• Arturo

    Great post. I have been doing IF for over a month now and I have lost weight, but I have also been on a caloric deficit. I plan on starting the normal eating schedule next month to see changes. I already eat a healthy diet, but my main thing is I do have a lot of school work and constantly stressing. Lack of sleep just adds to this. Training under these conditions is awful, but overall I enjoy my morning when I am busy, but I find that timing is still important with this diet. I feel I have more flexibility by not timing my meals by leaving 16 hours of fasting aside.

  • Casper

    Worked last year with IF as per Brad Pilon with fasting 24 hours every 5 days and it worked wonders in my case. It should offer also other benefits comparing to the 16/8 regimen as the studies show the real benefits past standard CR lie after the 18 hour fasting point – HGH released by body skyrockets as the glucagon releases stored glycogen in the liver converting glucose and raising blood sugar levels.

    All my main lifts went up but so did the stress levels, as said don’t do it if you are on 6 hours sleep and hight intensity workouts and other stressors. But def worth a try and everyone should find his own IF protocol, i like what Brad advises, 24 hour once or two times per week.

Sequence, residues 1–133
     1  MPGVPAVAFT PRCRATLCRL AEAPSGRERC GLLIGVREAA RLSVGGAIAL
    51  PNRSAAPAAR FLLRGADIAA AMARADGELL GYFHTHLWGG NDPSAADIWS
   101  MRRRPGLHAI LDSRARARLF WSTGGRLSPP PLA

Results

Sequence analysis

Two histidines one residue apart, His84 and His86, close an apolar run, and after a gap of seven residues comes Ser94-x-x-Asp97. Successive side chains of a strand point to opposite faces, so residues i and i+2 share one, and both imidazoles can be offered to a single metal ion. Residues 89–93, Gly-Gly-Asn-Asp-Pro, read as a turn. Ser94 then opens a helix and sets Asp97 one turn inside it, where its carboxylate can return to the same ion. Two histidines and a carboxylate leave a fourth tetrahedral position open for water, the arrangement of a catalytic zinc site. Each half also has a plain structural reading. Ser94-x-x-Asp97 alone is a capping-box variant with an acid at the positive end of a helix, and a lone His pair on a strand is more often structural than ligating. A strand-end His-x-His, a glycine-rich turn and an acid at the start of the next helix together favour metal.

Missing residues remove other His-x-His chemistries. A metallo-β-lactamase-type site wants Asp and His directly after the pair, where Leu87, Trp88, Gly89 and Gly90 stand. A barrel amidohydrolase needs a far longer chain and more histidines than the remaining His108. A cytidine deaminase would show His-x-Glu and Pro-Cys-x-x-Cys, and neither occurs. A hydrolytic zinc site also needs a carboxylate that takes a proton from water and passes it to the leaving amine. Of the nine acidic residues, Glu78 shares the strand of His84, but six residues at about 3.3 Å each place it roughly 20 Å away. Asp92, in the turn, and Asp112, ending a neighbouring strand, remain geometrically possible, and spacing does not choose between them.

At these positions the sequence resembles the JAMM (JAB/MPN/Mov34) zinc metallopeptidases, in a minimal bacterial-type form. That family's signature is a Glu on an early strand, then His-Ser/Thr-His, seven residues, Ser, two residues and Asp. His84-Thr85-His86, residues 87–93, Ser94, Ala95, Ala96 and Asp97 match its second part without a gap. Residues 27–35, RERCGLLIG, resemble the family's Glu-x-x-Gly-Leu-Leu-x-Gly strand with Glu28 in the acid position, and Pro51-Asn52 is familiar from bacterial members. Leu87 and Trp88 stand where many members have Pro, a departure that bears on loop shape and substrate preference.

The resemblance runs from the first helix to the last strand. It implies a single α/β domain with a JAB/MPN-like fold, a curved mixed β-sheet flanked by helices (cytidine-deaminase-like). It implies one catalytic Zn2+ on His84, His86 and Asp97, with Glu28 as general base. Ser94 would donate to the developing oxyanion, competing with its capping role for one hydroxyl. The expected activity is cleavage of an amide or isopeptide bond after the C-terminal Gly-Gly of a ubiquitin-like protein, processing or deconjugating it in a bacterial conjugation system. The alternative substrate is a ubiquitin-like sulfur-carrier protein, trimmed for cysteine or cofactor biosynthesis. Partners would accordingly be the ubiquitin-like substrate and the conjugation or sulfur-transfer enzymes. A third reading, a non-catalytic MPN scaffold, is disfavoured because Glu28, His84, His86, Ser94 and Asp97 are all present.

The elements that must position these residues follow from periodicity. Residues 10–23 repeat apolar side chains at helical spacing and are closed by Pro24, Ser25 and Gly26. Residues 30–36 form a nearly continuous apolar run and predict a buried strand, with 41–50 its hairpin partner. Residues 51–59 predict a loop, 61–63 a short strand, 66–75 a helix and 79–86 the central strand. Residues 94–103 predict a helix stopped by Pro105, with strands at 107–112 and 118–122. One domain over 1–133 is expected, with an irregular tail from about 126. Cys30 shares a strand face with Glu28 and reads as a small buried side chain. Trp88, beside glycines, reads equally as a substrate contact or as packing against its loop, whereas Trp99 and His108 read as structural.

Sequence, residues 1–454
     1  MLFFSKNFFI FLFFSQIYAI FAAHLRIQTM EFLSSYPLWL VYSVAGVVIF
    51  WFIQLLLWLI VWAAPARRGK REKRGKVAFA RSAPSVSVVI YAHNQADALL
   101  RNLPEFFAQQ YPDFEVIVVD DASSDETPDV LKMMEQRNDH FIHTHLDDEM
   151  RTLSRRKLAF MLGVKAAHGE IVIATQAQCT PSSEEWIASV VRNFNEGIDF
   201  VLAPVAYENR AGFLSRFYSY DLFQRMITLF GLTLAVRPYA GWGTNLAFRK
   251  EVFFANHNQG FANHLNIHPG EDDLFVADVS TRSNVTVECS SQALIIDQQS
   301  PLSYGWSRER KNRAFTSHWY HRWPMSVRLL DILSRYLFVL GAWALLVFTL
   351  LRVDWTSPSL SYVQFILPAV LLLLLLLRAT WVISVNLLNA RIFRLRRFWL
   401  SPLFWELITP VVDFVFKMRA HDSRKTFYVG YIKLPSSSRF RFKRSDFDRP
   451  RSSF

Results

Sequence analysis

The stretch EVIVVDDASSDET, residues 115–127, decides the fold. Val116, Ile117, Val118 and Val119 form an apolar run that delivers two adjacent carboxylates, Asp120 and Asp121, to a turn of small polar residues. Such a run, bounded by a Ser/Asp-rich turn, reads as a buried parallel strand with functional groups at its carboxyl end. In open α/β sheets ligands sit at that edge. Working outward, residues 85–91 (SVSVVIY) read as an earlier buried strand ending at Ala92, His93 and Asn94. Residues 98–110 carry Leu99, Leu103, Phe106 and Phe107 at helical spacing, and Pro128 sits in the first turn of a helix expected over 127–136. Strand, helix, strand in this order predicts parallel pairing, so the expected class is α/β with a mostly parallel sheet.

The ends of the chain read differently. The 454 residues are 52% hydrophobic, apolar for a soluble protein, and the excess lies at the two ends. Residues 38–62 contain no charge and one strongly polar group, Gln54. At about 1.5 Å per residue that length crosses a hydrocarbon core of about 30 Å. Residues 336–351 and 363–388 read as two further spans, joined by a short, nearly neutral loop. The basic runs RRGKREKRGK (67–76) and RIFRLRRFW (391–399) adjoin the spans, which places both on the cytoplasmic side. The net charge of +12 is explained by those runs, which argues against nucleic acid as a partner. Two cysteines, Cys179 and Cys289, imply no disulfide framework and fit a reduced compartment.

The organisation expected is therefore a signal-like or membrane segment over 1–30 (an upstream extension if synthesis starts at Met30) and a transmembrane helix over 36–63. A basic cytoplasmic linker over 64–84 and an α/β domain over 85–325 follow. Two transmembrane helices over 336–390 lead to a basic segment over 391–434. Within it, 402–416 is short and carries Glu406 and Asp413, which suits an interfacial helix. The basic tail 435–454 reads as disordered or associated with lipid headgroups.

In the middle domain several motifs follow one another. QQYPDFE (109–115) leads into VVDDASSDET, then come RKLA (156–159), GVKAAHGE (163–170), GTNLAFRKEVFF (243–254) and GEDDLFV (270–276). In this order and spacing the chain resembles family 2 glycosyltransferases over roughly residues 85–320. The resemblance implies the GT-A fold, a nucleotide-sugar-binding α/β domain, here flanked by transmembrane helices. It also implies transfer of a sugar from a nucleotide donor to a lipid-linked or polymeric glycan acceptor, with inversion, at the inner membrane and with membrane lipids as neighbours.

• Cool. I’ve been doing an LG approach since March of 2011 (1 year-yippy!) and couldnt be happier. I was putting down 5-6 meals before that like most people and it wasn’t terrible. However, I enjoy eating mountains of food at a time. Overall, IF works great for me and makes it easy for me to shred if thats my goal. I eat plenty of meats and greens, plus sweet potatoes and some fruits here and there. I def. dont use it as an excuse to eat crap, because I don’t like feeling like crap! I’m glad to see its spreading!

  • Tyler, great write up mate!! It comes at a great time too with the Renegade Diet just being released. I have just purchased it and it’s great to see another person’s point of view on IF who isn’t getting paid to talk it up. Some great points raised and I did like your recommendations on who it’s for and not for. Great work mate!

    John,